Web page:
I haven't read a lot of Berlin's books. I've read The Power of Ideas, which is a fine collection of essays about Enlightenment philosophers and Russian thinkers. These are his two main areas of interest. Berlin is a historian of ideas fascinated with the philosophical thought of the Enlightenment. He's written excellent essays on Vico and Kant; but he's also interested in Russian writers like Tolstoy and Dostoevsky.
The other book I've read by him is Freedom and its Betrayal, which explores the philosophical thinking of six thinkers he believes were forerunners of Fascism. Amongst them, there's Rousseau. Since I strongly dislike Rousseau, it was impossible not to love a book that basically paints him as a proto-fascist. But even so, the book makes good arguments and provides a clear description of his central ideas. Other philosophers discussed in the book are Fichte, Hegel, Saint-Simon, Maistre and Helvetius. Some of those names may not be very famous, but that's because Berlin really knows what he's talking about and he goes after thinkers who have influenced modern thought even though they've fallen into obscurity. In a way, this is a work of archeology.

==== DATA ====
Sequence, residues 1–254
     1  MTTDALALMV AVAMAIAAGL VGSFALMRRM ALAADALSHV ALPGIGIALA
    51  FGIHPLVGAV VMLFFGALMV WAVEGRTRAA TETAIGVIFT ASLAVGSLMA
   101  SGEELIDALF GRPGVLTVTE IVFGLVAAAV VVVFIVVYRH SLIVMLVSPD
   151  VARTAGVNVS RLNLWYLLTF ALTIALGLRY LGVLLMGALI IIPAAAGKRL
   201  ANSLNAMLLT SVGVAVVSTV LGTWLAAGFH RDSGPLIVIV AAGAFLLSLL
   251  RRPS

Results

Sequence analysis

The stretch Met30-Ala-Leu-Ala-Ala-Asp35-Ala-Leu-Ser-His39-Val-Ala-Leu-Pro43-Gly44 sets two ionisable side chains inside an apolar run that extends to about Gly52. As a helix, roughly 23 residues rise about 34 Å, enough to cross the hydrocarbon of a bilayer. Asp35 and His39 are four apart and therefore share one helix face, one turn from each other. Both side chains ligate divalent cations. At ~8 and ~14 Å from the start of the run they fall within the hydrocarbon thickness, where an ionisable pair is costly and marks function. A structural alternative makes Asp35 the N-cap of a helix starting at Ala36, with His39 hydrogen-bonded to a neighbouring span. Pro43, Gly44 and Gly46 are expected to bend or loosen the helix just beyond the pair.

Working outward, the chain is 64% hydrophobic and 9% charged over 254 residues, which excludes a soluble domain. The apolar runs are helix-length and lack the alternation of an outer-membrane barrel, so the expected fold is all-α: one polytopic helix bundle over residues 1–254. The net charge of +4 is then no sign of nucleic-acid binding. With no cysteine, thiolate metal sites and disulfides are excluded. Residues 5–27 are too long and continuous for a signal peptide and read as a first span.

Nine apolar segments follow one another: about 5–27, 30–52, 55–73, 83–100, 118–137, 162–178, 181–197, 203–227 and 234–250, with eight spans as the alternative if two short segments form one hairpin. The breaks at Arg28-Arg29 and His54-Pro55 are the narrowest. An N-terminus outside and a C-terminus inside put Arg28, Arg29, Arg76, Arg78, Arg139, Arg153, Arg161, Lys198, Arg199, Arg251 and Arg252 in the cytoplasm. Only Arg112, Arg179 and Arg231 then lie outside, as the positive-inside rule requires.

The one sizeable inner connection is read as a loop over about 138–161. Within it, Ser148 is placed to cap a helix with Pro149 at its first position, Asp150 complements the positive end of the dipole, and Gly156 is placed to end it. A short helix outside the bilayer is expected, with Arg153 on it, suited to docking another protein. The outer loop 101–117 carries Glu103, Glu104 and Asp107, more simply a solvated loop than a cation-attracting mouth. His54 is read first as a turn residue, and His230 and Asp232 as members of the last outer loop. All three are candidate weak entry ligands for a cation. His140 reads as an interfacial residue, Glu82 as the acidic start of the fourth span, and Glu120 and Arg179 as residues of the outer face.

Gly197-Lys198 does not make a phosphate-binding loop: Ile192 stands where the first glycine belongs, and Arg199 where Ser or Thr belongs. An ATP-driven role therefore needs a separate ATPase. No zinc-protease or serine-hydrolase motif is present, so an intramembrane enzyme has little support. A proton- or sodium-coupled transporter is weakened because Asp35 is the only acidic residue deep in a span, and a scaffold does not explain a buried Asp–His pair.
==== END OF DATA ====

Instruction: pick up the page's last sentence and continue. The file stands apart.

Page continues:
It's short, entertaining, and highly informative.